Economic Evaluation| Volume 24, ISSUE 5, P668-675, May 01, 2021

# Direct Medical Costs of Advanced Breast Cancer Treatment: A Real-World Study in the Southeast of The Netherlands

Open AccessPublished:February 13, 2021

## Highlights

• Accurate information on the costs of medical treatment is required not only from clinical trials, but also from the real world, to inform health policy decision making, especially in high-cost areas such as cancer therapy.
• This study provides a detailed analysis of the real-world medical costs of patients with advanced breast cancer in The Netherlands.
• Considerable variation in costs and resource use were observed between and within patient subgroups.
• Reported cost estimates can be used to improve health economic evaluations of medical interventions.

## Abstract

### Objectives

Policy makers increasingly seek to complement data from clinical trials with information from routine care. This study aims to provide a detailed account of the hospital resource use and associated costs of patients with advanced breast cancer in The Netherlands.

### Methods

Data from 597 patients with advanced breast cancer, diagnosed between 2010 and 2014, were retrieved from the Southeast Netherlands Advanced Breast Cancer Registry. Database lock for this study was in October 2017. We report the observed hospital costs for different resource categories and the lifetime costs per patient, adjusted for censoring using Lin’s method. The relationship between patients’ characteristics and costs was studied using multivariable regression.

### Results

The average (SE) lifetime hospital costs of patients with advanced breast cancer were €52 709 (405). Costs differed considerably between patient subgroups, ranging from €29 803 for patients with a triple-negative subtype to €92 272 for patients with hormone receptor positive and human epidermal growth factor receptor 2 positive cancer. Apart from the cancer subtype, several other factors, including age and survival time, were independently associated with patient lifetime costs. Overall, a large share of costs was attributed to systemic therapies (56%), predominantly to a few expensive agents, such as trastuzumab (15%), everolimus (10%), and bevacizumab (9%), as well as to inpatient hospital days (20%).

### Conclusions

This real-world study shows the high degree of variability in hospital resource use and associated costs in advanced breast cancer care. The presented resource use and costs data provide researchers and policy makers with key figures for economic evaluations and budget impact analyses.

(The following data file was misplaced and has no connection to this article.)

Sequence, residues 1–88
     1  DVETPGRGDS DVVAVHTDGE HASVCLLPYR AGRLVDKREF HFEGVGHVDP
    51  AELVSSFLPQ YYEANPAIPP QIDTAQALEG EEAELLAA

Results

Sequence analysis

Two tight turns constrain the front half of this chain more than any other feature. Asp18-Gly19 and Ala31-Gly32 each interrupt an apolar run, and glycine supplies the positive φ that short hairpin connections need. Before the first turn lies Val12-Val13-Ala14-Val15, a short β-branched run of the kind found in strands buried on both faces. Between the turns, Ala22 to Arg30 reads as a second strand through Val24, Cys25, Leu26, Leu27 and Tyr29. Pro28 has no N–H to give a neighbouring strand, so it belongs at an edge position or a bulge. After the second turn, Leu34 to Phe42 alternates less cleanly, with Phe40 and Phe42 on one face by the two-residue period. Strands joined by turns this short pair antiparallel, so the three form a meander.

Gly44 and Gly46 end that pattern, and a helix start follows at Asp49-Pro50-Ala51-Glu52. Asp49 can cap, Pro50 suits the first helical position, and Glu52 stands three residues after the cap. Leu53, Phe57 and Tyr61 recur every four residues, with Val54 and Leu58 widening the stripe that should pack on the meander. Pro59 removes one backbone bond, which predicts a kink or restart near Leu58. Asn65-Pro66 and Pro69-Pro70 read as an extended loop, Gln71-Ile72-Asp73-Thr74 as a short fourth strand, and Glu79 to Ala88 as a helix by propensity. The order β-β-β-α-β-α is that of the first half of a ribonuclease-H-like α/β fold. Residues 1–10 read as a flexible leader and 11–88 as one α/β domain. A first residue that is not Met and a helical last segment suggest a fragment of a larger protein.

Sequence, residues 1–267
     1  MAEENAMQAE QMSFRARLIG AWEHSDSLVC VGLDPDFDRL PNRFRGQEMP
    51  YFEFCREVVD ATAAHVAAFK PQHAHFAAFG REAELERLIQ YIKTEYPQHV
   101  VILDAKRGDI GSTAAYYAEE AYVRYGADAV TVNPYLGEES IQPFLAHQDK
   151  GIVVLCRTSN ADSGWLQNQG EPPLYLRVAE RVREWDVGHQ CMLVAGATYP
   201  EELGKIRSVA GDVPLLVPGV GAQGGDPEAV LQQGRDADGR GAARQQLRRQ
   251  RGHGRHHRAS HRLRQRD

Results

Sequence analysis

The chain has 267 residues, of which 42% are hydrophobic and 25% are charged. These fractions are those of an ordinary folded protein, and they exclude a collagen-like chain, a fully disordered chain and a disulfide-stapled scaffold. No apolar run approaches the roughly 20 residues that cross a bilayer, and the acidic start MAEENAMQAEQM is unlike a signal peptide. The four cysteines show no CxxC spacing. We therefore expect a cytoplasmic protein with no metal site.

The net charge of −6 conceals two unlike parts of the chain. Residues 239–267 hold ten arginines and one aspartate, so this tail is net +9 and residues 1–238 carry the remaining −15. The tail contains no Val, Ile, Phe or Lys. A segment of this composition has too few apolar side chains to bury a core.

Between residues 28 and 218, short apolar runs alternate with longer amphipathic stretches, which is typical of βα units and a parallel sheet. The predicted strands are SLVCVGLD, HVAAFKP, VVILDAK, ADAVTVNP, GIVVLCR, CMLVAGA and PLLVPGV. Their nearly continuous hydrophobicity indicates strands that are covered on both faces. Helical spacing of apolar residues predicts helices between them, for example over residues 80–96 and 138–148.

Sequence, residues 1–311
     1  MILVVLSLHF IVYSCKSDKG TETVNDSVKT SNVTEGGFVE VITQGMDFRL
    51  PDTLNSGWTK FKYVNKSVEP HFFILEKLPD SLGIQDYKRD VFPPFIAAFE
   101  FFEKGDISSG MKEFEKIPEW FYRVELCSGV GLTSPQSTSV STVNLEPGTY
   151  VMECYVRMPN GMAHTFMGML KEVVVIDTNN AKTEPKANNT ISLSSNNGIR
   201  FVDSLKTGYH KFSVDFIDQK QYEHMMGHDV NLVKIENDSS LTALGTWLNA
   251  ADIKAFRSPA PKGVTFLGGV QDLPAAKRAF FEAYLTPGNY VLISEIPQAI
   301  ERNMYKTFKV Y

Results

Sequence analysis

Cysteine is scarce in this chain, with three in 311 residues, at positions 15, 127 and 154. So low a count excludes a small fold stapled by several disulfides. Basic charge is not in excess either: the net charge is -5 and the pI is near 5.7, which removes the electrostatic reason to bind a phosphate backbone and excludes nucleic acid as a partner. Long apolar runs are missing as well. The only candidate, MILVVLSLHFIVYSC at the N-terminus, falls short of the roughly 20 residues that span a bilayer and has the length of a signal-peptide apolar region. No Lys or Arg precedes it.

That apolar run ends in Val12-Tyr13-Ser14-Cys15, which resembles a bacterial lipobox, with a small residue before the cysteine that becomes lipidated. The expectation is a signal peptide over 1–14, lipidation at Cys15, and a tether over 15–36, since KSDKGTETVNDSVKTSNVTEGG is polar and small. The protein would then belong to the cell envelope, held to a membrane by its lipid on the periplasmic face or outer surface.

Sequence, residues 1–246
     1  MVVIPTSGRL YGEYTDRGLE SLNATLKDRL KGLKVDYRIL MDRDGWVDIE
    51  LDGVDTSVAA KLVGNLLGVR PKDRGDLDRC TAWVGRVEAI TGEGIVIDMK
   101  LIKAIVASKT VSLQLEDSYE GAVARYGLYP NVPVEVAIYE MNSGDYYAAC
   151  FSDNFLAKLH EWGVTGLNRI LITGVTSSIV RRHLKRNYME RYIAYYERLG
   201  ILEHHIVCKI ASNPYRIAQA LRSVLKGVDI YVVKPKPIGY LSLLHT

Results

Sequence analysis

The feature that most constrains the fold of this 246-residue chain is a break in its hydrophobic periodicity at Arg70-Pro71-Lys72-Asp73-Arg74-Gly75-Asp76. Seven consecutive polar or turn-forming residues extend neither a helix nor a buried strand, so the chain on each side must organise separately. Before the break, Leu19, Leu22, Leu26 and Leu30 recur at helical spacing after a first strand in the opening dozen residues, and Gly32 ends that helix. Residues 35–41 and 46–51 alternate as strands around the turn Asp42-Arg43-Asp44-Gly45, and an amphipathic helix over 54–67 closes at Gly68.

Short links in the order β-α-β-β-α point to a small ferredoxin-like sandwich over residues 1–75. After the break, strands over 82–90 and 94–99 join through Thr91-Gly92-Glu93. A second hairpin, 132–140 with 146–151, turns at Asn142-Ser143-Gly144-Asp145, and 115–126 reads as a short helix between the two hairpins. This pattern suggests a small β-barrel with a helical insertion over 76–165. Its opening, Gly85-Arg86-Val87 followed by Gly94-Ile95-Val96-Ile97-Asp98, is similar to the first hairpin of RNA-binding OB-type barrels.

## Introduction

Breast cancer is the most common type of cancer among women and a leading cause of death worldwide.
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• Bray F.
• Siegel R.L.
• Ferlay J.
• Lortet-tieulent J.
• Jemal A.
Global cancer statistics, 2012.
Despite significant improvements in the early diagnosis and treatment of breast cancer, about 5% of the patients present with advanced (ie, metastatic) disease at the time of diagnosis, and a further 20% of patients will experience progression to advanced disease later in life.
Early Breast Cancer Trialists’ Collaborative Group (EBCTCG)
Effects of chemotherapy and hormonal therapy for early breast cancer on recurrence and 15-year survival: an overview of the randomised trials.
Even though some patients live with advanced breast cancer (ABC) for many years, the disease is considered incurable, and the main objective of care is to prolong survival and sustain quality of life. Due to its high prevalence and high individual treatment costs, the economic burden of ABC in The Netherlands, as well as in many other countries, is substantial.
• Vondeling G.T.
• Menezes G.L.
• Dvortsin E.P.
• et al.
Burden of early, advanced and metastatic breast cancer in The Netherlands.
• Luengo-Fernandez R.
• Leal J.
• Gray A.
• Sullivan R.
Economic burden of cancer across the European Union: a population-based cost analysis.
• Bramley T.
• Antao V.
• Lunacsek O.
• Hennenfent K.
• Masaquel A.
The economic burden of end-of-life care in metastatic breast cancer.
• Remák E.
• Brazil L.
Cost of managing women presenting with stage IV breast cancer in the United Kingdom.
Over the last 2 decades, several new drugs for the treatment of ABC have become available. Many are highly expensive, posing a substantial economic burden on society and raising questions regarding their value for money.
• Remák E.
• Brazil L.
Cost of managing women presenting with stage IV breast cancer in the United Kingdom.
,
• Goldstein D.A.
• Stemmer S.M.
• Gordon N.
The cost and value of cancer drugs: are new innovations outpacing our ability to pay?.
Health economic evaluations are essential to inform reimbursement decisions for these novel agents.